I had an amazing time in Myanmar. The country is beautiful and the food was delicious. Almost everyone was exceedingly kind and friendly; in most places, I felt welcomed with open arms. While I am very glad to have had the opportunity to travel through Myanmar, I did have some reservations about going. I’ve continued to grapple with them having visited and come home, too.
First, an extremely condensed version of Myanmar’s modern history: the country, then Burma, achieved independence from Britain in 1948. The man responsible for this incredible moment in Burmese history was the revolutionary General Aung San. He was assassinated just six months before Burma saw independence from Britain. Aung San (colloquially known as “Bogyoke” by the Myanmar people) is still widely loved and his legacy has been carried on by his daughter, Aung San Suu Kyi. But more on her later.
The transition to independence was tumultuous. 1962 brought a coup d’état by General Ne Win, leading to the establishment of a military government. There were several student protests against the government throughout the 60s and 70s, all of which were violently suppressed. Ne Win remained in power for 26 years.
In 1988, there was the 8888 Uprising (so named for the fact that many of the events occurred on August 8, 1988). It began with university students in Yangon, and quickly spread throughout the country. Unfortunately the call for democracy was not fulfilled, and these protests, like the ones of the prior decades, were suppressed by the military. The Myanmar government claims 350 people died in the protests; everyone else puts that figure in the thousands. Aung San Suu Kyi, a prominent figure in the National League for Democracy, was placed under house arrest. 6,000 other supporters of the NLD were detained as well.
In the 1990 elections, the NLD won 392 of 495 seats in Parliament. Additionally, they received 59% of the national votes. Of course, the junta (military government) declared the election null and void, and remained in power. (Aung San Suu Kyi, by the way, remained under house arrest for 15 of 21 years, and was only released in 2010.)
When the 2010 elections rolled around -surprise, surprise- the Union Solidarity and Development Party (aka the military) won. Although this coincided with Aung San Suu Kyi’s release from house arrest, the NLD chose not to participate in the elections. In 2012, international powers were invited to monitor the elections for fraudulent activity, which was met with varying success. It did, however, lead to the lifting of economic sanctions the USA and Europe had long imposed on Myanmar. This also meant that American and European citizens now were allowed to travel to Myanmar.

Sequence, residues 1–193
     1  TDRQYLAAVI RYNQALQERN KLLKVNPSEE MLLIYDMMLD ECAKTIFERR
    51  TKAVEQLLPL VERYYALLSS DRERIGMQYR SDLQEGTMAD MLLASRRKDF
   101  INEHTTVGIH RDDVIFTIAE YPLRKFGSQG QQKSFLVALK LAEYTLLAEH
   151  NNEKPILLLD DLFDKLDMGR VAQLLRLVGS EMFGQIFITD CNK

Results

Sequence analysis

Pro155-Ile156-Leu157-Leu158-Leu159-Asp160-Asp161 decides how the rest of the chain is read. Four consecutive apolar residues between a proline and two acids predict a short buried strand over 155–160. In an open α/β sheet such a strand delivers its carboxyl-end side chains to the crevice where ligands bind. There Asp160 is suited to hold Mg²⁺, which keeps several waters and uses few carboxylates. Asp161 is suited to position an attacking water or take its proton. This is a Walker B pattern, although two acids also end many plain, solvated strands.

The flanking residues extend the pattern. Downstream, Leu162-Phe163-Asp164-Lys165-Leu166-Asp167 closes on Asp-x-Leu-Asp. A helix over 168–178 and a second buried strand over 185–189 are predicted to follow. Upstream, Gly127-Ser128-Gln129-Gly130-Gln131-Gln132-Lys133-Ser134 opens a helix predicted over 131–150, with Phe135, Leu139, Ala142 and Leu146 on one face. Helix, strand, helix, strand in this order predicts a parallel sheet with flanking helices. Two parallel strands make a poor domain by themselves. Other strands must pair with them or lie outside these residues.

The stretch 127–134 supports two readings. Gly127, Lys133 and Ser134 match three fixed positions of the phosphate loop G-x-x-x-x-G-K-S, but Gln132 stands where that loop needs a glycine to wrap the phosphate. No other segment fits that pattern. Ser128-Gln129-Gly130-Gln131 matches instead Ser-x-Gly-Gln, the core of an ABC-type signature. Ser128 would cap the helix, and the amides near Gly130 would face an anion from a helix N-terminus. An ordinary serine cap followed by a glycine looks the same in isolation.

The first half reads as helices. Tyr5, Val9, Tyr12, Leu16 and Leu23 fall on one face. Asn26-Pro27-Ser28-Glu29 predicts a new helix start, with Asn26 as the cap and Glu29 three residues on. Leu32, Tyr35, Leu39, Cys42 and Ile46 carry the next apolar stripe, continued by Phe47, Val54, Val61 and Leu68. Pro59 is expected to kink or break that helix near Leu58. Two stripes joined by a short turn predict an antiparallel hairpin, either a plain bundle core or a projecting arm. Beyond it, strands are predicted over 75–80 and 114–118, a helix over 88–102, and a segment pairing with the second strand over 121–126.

Thus a booming tourist industry was born. For the past two years, this industry has greatly expanded and has injected new life into Myanmar’s economy. The question is, how should one feel about traveling to a country with a history (and present) of such gross human rights abuses?
Suppression of democracy is not Myanmar’s only problem, either. Their treatment of certain ethnic groups, such as the Rohingya Muslims, is appalling. These groups of people are made to live in concentration camps, and the violence against them is terrifying. The New York Times has had several excellent articles that explain the situation much better than I can.
Since the government controls everything, including the tourism industry, most tourist dollars go directly to the government. You’re asked to pay a fee for entering certain zones (such as Bagan and Inle Lake). Although they tell you that this money goes toward the preservation of the area, you can be sure that most of that money goes right to the junta. The same for hotels: many hotels are government owned, and even the ones that aren’t still must pay a heavy tax to the military.
At the same time, there are ways to support the people of Myanmar. By booking tours through private companies (and tipping at the end, since all of that money goes to the guide), and buying handicrafts from markets and street vendors instead of in large, government-owned stores, you can direct your dollars to the people who need it the most.
It’s also important to remember that the views of the government do not necessarily reflect the views of the people. Aside from our insane taxi driver who spewed his hate for Muslims, I did not encounter any hostility like that from anyone else. Ko Min, our trekking guide, freely discussed how he is a firm supporter of the NLD and that the government is incredibly corrupt. It’s not exactly a secret, after all.
I am very glad that I was able to see Myanmar for myself. Yes, giving money to a government that I do not support in any way is a tough pill to swallow. But going there allowed me to learn much more about the country, and most importantly, to see its changing political climate with my own eyes. I believe that large scale changes are on the horizon for Myanmar, and I sincerely hope that all issues, from basic human rights to democracy, are addressed.
Anyway, this concludes my recaps of Myanmar. I’ll be back soon with some life-in-Malaysia stuff to share!